State sues former Mass. fire chief amid civil service exam prep investigation
The Massachusetts' Attorney General's office accused former Taunton Fire Chief Leman Padelford of dodging subpoenas as the state investigates his firefighter test prep company
Taunton Daily Gazette, Mass.
TAUNTON, Mass. — The Attorney General's office has sued former Taunton Fire Chief Leman Padelford, accusing him of dodging subpoenas as the state investigates his firefighter test prep company.
The state alleges that Beagle's Exam Service, which Padelford owns, hasn't cooperated in a probe about the service's allegedly selling actual past exams as "practice" exams. It's seeking to compel him and his company to give testimony.
In an Aug. 13 court filing, the Massachusetts Civil Service Commission claims that exams sold by Beagle's Exam Service "bear a troublingly close resemblance to the actual exams that had been previously administered by the Civil Service Unit of the Massachusetts Human Resources Division for the positions of fire lieutenant, captain and chief — despite the fact that these actual, past exams are maintained in strict confidence and not available to the public."
Padelford, reached Monday, declined to discuss the allegations.
"At this point in time, it's not clear where this is going," said the Taunton resident, noting that the dispute over subpoenas is the only legal issue on the table right now.
"It's in front of a superior court judge," Padelford said. "That's the issue and that's the only issue in front of the judge."
Padelford retired as the city's fire chief in 2009 after his own firefighters gave him a no-confidence vote of 104 to 1. During his three-year tenure as chief, Taunton's Local 1391 of the Professional Fire Fighters of Massachusetts alleged he failed to keep critical equipment like air tanks and radios inspected and in good repair, among other criticisms. The City Council held disciplinary hearings at the time on charges he failed to fulfill his duties as chief.
Would-be firefighters must pass written and physical tests. Further tests apply as firefighters seek to move up the ranks.
A fire captain asked the Civil Service Commission to look into Beagle's Exam Service in 2019, according to the Commonwealth's court filing. The captain said a lieutenant he knew had bought from Beagle's the 2017 exam for jakes seeking promotion to captain. The captain said the lieutenant used the document to "unfairly prepare" for a make-up exam he took on Nov. 2, 2018. The captain said the lieutenant was able to ace the exam despite only starting his prep a month in advance, during a time the lieutenant was working 100 hours a week.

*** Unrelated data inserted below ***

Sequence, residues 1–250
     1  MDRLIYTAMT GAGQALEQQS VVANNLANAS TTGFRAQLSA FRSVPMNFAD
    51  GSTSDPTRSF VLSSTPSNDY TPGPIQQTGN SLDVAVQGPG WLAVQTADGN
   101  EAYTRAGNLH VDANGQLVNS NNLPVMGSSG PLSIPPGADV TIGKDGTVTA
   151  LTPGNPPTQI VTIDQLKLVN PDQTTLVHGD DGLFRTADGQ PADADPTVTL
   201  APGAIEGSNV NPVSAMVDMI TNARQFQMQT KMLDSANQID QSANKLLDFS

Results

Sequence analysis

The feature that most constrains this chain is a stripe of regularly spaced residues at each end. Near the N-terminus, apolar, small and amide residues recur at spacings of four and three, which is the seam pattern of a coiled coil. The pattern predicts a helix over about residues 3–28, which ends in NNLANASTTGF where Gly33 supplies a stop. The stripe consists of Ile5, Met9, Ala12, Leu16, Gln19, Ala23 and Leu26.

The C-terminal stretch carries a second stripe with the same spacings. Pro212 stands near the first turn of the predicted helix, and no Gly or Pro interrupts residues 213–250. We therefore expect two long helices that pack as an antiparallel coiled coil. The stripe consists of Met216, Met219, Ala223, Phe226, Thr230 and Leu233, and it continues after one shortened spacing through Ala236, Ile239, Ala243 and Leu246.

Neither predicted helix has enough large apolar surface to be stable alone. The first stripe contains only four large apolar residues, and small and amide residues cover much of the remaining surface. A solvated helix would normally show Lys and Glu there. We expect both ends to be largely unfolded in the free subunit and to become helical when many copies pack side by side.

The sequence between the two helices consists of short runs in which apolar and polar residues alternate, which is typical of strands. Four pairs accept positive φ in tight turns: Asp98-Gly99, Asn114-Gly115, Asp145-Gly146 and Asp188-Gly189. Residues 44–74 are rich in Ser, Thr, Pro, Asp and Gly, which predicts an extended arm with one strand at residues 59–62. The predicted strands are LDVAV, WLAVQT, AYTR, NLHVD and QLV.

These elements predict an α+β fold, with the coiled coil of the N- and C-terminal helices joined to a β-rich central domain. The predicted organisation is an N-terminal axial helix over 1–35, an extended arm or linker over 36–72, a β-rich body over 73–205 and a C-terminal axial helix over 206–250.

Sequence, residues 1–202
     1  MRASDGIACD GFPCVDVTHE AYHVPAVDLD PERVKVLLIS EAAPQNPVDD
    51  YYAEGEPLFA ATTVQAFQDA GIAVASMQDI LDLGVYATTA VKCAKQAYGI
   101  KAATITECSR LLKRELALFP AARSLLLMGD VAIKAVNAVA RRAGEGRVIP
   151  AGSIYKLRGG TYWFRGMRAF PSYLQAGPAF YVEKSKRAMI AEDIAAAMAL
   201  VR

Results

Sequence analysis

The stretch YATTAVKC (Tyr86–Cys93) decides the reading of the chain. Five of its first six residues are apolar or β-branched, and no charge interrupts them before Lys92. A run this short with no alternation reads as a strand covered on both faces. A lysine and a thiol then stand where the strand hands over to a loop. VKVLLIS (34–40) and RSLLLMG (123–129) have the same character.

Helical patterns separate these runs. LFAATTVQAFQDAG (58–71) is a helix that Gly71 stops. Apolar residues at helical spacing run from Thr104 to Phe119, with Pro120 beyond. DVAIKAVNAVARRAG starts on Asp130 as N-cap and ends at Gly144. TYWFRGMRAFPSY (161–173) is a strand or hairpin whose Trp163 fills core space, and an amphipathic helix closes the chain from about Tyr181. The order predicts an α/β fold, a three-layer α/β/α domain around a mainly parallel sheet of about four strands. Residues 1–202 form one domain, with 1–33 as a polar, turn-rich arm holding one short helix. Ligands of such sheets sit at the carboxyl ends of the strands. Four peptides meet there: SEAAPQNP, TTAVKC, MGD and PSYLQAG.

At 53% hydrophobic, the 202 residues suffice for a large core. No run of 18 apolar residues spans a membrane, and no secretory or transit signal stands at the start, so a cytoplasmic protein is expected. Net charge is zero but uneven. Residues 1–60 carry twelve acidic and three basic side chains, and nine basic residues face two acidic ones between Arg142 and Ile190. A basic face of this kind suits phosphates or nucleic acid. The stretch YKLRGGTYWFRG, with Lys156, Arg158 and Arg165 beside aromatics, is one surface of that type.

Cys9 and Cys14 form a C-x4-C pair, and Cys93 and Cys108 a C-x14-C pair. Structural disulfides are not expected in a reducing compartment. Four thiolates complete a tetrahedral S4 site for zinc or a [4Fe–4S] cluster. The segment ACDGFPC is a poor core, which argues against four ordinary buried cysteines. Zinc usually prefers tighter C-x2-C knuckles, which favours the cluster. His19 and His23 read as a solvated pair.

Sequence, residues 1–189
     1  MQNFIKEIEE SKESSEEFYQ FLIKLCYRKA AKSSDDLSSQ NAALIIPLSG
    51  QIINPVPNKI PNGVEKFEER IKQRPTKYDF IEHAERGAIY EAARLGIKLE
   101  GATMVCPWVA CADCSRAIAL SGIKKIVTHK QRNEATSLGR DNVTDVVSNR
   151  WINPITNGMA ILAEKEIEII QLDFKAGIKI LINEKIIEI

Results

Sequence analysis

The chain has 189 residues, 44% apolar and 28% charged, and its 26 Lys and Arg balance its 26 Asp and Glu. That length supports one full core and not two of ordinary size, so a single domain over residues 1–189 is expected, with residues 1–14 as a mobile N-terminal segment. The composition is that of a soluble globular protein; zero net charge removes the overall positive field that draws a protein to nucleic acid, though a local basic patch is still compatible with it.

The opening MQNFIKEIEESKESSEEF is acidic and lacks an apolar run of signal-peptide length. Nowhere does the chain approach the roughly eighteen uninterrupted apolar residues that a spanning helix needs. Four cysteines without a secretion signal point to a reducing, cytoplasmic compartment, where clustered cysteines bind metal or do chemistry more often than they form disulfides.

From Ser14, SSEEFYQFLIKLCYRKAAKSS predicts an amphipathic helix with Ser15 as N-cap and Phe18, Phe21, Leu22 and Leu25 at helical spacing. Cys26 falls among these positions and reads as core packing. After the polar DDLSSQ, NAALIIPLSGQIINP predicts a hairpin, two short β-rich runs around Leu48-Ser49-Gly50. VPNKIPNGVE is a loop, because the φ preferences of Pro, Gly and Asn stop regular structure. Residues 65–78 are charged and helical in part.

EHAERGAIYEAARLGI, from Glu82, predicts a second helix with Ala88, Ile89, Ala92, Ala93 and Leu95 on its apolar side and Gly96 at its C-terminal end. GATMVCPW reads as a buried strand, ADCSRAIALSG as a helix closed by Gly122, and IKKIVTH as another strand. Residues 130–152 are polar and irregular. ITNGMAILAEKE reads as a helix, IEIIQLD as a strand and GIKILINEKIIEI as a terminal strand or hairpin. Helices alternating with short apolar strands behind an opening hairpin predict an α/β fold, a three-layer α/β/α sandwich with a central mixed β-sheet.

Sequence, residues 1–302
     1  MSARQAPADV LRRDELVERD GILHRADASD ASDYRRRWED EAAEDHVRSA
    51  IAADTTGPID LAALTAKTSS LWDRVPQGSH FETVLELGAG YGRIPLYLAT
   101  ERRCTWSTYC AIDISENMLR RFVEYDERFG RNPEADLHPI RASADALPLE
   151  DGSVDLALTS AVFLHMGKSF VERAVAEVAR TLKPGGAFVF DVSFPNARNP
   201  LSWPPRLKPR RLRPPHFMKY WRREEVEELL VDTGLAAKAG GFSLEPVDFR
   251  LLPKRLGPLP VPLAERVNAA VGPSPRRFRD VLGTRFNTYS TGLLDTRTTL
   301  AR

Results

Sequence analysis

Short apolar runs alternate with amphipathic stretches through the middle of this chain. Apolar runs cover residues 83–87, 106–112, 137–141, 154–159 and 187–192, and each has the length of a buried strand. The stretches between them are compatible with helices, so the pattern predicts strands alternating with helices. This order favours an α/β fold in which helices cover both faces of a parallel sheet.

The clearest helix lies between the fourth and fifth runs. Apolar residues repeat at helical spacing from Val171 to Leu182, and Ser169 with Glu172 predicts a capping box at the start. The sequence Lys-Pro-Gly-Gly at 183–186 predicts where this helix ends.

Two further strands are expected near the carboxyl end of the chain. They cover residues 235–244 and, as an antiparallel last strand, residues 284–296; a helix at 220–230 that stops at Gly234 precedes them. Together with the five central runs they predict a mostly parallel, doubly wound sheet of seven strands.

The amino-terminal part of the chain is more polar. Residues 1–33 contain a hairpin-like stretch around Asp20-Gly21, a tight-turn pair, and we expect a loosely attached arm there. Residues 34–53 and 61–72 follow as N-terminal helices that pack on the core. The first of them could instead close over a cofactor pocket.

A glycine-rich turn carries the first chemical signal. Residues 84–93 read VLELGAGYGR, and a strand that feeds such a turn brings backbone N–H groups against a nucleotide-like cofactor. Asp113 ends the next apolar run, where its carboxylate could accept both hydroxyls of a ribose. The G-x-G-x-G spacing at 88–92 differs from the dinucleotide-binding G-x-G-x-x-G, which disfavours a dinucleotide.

The filing cites an email from Christopher Bowman, chairman of the Civil Service Commission, to Padelford's lawyer.
"The matter currently under investigation by the Commission and HRD [Human Resources Division] cuts to the core of the civil service system: ensuring the fairness and integrity of the testing process, the bedrock of the process used to appoint and promote candidates to civil service positions in Massachusetts," the email read.
Padelford said he may have more to say later about the Commonwealth's investigation.
"I'd be happy at some point to have a discussion of the facts and the truth," the former fire chief said. "This is not going to be resolved in the court of public opinion."
Beagle's Exam Service was founded decades ago by Robert Beagle, a member of the city's fire department.
Rich MacKinnon, president of Professional Fire Fighters of Massachusetts, said it's common for firefighters to form study groups before tests and for those who just took the same exam to afterwards share how they might've answered certain questions.
Without getting into the details of the Commonwealth's allegations, MacKinnon said the civil service system protects against favoritism and provides transparency.
"It takes the politics and nepotism out of things," said MacKinnon.
He pointed to a recent example in the Wellesley Fire Department, which no longer uses the civil service system. In an Aug. 5 ruling, the State Ethics Commission fined Wellesley Fire Chief Richard DeLorie $10,000 for violating anti-nepotism laws in the hiring of his son as a Wellesley firefighter.
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